We theoretically investigate the interaction between endogenous enforcement of intellectual property rights (IPRs) and tax-financed pollution abatement measures. IPRs affect dirty and clean intermediates alike such that higher IPR enforcement may promote the transition to the clean technology, if this technology is productive enough. If the green technology is relatively unproductive, higher IPRs promote the dirty technology while pollution is increasing. As households are due to subsistence consumption subject to a hierarchy of needs, the level of IPR enforcement as well as the level of abatement measures depends on the state of technology and is increasing during economic development. Thus, if the incentive to enforce IPRs is low the level of abatement measures is also low. This argument provides a theoretical foundation for the observed clash of interests in international negotiation rounds regarding the harmonization of IPR protection and actions to combat climate change.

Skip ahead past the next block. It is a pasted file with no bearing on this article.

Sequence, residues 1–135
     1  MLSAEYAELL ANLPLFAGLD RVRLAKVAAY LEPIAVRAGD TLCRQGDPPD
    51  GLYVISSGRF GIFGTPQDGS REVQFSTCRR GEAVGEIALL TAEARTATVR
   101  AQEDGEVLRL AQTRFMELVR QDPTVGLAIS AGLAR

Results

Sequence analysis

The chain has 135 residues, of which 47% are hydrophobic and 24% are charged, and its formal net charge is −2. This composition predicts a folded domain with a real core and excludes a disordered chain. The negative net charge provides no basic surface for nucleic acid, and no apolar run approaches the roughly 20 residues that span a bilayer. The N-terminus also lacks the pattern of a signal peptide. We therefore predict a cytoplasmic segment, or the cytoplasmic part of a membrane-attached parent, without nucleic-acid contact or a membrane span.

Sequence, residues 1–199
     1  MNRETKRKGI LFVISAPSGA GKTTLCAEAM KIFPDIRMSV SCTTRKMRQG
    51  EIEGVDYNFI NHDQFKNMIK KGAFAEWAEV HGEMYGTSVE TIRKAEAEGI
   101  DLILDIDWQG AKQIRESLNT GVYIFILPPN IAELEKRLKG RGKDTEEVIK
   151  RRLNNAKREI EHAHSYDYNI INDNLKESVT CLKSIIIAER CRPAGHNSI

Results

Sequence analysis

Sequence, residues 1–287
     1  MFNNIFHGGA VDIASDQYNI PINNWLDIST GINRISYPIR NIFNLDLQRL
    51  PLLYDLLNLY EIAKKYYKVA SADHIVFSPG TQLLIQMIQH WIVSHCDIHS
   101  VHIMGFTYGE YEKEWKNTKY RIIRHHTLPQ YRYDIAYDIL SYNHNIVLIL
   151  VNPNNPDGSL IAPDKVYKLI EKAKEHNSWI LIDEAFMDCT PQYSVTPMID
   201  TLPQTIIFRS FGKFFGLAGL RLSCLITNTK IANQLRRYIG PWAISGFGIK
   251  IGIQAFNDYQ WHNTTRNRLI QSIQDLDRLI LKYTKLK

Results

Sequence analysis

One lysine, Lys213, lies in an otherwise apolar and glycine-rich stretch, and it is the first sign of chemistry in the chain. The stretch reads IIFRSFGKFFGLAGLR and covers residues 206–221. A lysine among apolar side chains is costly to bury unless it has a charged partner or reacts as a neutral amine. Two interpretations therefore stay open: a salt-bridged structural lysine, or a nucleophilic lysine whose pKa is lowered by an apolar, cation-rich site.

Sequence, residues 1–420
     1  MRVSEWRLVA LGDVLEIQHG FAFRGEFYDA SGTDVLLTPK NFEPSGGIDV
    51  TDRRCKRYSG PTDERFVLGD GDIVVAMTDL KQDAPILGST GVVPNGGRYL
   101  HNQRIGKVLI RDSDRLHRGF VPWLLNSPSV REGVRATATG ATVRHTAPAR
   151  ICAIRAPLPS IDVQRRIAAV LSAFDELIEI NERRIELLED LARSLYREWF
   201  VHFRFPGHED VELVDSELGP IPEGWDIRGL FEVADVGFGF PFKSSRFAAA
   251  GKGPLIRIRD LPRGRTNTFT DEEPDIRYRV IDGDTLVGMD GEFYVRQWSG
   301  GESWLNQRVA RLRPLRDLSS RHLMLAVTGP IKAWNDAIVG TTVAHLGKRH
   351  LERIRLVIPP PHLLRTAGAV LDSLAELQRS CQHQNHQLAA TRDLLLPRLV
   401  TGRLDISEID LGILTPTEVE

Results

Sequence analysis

|Journal||Environmental and Resource Economics|
|Early online date||16 Nov 2016|
|Publication status||Published - Mar 2017|
- Directed technical change
- Intellectual property rights